In this episode, I chat with screenwriter, producer Ben Cory Jones about his journey as a writer producer and his new gig as showrunner for the BET comedy series Boomerang, loosely based on the iconic 90’s era film, starring Eddie Murphy and Halle Berry.
In this episode, I chat with author and motivational speaker Cornell Thomas about the power of positivity and creating his upcoming television show On Purpose, focused on helping people in need all over the world.
In this episode, I chat with Ivy Box author of The 365 Go Get H.E.R.S. Guide and former cast member of BET’s College Hill Interns. Ivy shares business tips for women and men, and reveals what it’s like to be on a reality show.
Check out my first one-on-one interview on the podcast! I chat with Television & Film Executive Producer Tracey Edmonds about the duties of a producer, her upcoming projects, and her advice to aspiring producers.
Follow Tracey on Instagram & Twitter at @traceyeedmonds and on her health, wellness & lifestyle website AlrightNow.com
Follow me on Instagram & Twitter at @wordygirlent and on my website at wordygirlent.com
In this episode, I recap and review Queen Sugar S3 E306 | Delicate and Strangely Made. Follow me on Instagram and Twitter: @wordygirlent Check out my blog at https://bit.ly/2tyzP8u
In this episode, I recap and review Queen Sugar S3 E305 | A Little Lower Than Angels.
Check out my website at www.wordygirlent.com
Follow me on Instagram & Twitter at @wordygirlent
This week guest co-host, Lavetta Cannon joins me for a review of Ocean’s Eight starring Sandra Bullock, Cate Blanchett, Ann Hathaway, Mindy Kaling, Helena Bonham Carter, Sarah Paulson, Rihanna, and Akwafina. Check out Lavetta’s podcast Notorious Women at https://apple.co/2MUZtNJ Follow WordyGirl Entertainment on IG & Twitter: @wordygirlent Visit our website at https://bit.ly/2tyzP8u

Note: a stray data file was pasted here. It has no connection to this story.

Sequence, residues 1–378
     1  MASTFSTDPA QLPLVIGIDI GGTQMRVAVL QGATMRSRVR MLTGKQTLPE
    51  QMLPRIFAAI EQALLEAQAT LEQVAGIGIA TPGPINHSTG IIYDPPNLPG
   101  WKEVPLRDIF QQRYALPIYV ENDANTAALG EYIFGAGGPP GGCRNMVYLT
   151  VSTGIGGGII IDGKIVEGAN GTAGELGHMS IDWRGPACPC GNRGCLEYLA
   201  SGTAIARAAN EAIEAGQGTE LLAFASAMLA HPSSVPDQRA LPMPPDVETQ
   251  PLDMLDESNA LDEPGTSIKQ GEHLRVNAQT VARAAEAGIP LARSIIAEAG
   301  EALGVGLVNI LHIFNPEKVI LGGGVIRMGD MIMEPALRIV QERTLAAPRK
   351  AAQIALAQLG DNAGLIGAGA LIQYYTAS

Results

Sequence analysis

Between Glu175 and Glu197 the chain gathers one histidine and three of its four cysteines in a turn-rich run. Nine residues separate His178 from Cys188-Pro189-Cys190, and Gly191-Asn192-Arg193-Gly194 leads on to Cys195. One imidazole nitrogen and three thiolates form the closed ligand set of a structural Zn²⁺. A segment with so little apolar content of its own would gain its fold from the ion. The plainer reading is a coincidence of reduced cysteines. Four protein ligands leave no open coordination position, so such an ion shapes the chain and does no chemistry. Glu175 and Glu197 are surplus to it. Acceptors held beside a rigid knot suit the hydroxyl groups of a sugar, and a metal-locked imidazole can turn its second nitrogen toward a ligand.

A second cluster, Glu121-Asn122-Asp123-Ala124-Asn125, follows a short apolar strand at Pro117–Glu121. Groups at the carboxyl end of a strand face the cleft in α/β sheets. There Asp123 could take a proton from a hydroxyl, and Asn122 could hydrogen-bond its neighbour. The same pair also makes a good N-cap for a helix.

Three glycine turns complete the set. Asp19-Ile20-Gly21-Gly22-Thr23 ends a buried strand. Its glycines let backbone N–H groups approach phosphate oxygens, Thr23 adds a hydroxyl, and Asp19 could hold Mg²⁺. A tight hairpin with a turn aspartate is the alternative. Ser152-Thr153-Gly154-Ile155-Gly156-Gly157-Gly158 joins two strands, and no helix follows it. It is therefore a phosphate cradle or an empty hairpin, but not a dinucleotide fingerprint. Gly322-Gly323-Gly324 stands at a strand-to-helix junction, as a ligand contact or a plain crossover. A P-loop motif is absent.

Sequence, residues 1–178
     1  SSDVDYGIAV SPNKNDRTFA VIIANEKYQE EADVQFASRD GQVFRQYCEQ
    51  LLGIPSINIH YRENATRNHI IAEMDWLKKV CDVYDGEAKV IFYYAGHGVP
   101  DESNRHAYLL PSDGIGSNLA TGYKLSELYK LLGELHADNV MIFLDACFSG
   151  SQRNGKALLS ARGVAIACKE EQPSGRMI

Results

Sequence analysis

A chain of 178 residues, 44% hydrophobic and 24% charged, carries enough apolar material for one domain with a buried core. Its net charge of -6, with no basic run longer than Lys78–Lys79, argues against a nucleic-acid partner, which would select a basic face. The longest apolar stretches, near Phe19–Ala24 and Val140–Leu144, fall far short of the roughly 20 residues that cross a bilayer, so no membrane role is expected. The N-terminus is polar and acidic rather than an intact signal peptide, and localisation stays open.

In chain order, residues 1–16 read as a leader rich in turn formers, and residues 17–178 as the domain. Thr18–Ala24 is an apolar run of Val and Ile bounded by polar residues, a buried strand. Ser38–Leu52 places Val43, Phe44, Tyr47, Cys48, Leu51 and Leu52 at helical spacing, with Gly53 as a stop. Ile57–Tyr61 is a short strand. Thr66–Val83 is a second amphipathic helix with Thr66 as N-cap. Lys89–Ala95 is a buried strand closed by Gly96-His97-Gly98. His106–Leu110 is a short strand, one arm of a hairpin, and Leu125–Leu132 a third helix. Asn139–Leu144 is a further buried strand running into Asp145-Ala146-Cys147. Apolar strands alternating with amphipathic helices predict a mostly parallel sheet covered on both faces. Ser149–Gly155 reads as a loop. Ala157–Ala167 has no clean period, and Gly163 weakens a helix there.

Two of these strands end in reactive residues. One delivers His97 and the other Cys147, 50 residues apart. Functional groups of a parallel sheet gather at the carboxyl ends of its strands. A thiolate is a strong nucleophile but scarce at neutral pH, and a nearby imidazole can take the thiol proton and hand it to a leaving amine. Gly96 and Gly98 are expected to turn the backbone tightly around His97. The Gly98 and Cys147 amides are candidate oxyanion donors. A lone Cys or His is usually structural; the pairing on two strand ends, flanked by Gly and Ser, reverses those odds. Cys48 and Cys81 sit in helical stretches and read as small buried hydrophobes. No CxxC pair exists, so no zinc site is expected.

In this episode, I review and say goodbye to my favorite TV show of all time.
In this episode, I discuss my rewriting process: story, characters, dialogue, scene work, word smiting, etc.
Someone called my office to submit a project. I explained our script submission process to the caller and gave her my email address. She sent a logline and synopsis five minutes later. Cool beans, right? That should have been the end of it, right? Of course not. That would be too much like right. The caller called back to tell me that she already submitted a logline back in September of 2014. Okay, my bad. I didn’t get to it. I let her know I wasn’t aware of her previous submission, but I’d be sure to take a look at what she just sent to me. She reiterated the fact that she sent it back in September. Um, was she looking for an apology? Obviously, we didn’t get to it.
Maybe fifteen minutes later, another person called asking to submit a project. I gave her the same instructions as the previous caller. She informed me that she was at lunch at the moment and asked if I would mind texting her my email address. Uh . . . YEAH I mind.
First of all, it is not the company’s job to put in work in order to read your stuff. Secondly, as if I want some stranger having my cell phone number! Her request was very unprofessional. Why couldn’t she wait until she was in a proper setting where she could break out pen and paper to take dictation of my email address? Was she under some kind of duress to call that very minute? Like, did somebody have a gun to her head? She easily could have waited to make the call at a time when she was better prepared. It would have saved her from looking unprofessional and amateurish.